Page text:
In mid-March 1981, Asukata Ichio, chairman of the Central Executive Committee of the Japan Socialist Party, visited Pyongyang.
President Kim Il Sung held talks with him and arranged a banquet for him.
On March 16, Asukata threw a return banquet, prior to his return home.
During the banquet he told Kim Il Sung of his impressions from his visit to the newly-built Munsu Street, and suggested that apple trees be planted along the roadsides.
Kim Il Sung said that apple trees looked good but were difficult to tend as they were often infested with insects, and he recalled something that had happened soon after the Fatherland Liberation War.
“One day a 70-year-old man sent me a letter. He wrote that since olden times Pyongyang had been called Ryugyong (Ryu means willow tree and Gyong means capital city–Tr.) and he wondered why other species of trees apart from willows were planted along the roadsides in Pyongyang. After reading the letter I felt I had made a mistake.”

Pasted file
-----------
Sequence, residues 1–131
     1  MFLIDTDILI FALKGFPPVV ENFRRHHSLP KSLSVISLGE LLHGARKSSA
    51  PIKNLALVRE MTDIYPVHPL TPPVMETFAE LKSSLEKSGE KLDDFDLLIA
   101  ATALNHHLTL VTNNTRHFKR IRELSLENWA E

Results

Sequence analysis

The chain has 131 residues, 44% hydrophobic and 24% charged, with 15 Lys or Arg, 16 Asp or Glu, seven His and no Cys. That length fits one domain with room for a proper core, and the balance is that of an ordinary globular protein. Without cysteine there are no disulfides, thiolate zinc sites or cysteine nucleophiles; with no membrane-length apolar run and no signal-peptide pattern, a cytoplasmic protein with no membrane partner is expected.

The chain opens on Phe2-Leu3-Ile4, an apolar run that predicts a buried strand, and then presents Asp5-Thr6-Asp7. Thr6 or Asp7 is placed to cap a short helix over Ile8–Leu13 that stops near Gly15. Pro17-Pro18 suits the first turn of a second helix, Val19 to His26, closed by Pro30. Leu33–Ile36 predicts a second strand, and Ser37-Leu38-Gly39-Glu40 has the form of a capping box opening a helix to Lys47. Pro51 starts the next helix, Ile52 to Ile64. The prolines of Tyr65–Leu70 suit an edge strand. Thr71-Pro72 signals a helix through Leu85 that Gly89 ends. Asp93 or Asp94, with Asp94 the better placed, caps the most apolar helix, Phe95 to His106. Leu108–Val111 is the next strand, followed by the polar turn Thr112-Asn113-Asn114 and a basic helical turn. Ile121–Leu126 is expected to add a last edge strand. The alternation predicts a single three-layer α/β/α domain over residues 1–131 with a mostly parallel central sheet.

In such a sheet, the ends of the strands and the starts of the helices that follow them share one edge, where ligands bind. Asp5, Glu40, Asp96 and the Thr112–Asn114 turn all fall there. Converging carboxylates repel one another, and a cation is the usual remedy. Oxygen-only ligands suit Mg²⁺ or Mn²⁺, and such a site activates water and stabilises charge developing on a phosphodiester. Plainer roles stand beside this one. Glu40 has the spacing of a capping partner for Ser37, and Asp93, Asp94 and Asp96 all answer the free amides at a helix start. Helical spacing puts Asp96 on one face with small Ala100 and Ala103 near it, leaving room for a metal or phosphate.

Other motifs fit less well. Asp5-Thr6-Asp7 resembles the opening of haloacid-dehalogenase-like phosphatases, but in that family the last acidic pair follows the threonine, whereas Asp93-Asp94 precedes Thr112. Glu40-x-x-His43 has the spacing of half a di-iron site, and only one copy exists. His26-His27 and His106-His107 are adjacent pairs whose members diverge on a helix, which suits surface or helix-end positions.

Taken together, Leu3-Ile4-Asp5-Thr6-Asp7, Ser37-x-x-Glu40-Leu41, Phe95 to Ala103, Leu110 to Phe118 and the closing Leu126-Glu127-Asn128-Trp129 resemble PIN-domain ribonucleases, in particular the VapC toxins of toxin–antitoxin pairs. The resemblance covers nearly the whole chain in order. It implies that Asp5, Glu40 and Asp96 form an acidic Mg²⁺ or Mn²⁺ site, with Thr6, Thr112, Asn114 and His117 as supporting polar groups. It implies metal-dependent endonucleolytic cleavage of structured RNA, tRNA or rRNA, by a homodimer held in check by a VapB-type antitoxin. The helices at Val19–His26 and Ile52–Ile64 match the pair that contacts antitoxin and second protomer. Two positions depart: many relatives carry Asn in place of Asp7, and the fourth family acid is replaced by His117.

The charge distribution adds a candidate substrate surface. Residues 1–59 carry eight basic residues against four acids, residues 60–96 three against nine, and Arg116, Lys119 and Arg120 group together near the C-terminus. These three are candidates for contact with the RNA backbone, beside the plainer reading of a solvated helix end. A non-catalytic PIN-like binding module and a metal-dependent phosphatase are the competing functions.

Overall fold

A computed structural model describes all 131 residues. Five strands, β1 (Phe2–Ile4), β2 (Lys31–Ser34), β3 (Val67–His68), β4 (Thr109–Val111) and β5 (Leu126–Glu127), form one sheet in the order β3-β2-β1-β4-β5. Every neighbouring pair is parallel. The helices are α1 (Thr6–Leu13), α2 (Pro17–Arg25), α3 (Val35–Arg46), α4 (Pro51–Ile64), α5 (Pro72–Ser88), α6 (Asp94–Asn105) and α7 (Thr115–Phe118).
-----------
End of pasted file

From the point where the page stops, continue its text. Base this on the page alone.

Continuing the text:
Kim Il Sung continued: Willow trees are not suitable for planting along roadsides because the blossom floats on the wind in spring and they are tall and cast a shadow over buildings. However, I saw to it that willows were planted in several streets in Pyongyang out of respect for the opinions of the people. Thereafter, we planted willows along several streets in Pyongyang, including the street in front of the Kumsusan Assembly Hall and that from Pyongyang Railway Station into the city centre.
He told his guest that after reading the old man’s letter, he could not sleep for several nights on account of his self-reproach for the mistake he had made, and that he had had the matter of planting a large number of willows in Pyongyang discussed at a session of the Central Committee of the Workers’ Party of Korea. Then he had written a reply to the old man in which he gave his word that he would have a willow street laid out in Pyongyang in deference to his opinion.
Asukata said to Kim Il Sung: “There is no record in world history of a head of state replying by letter to an ordinary old man. It is, indeed, a new legend about respect for the people, a legend that can be created only by Your Excellency because you respect the people above all else.”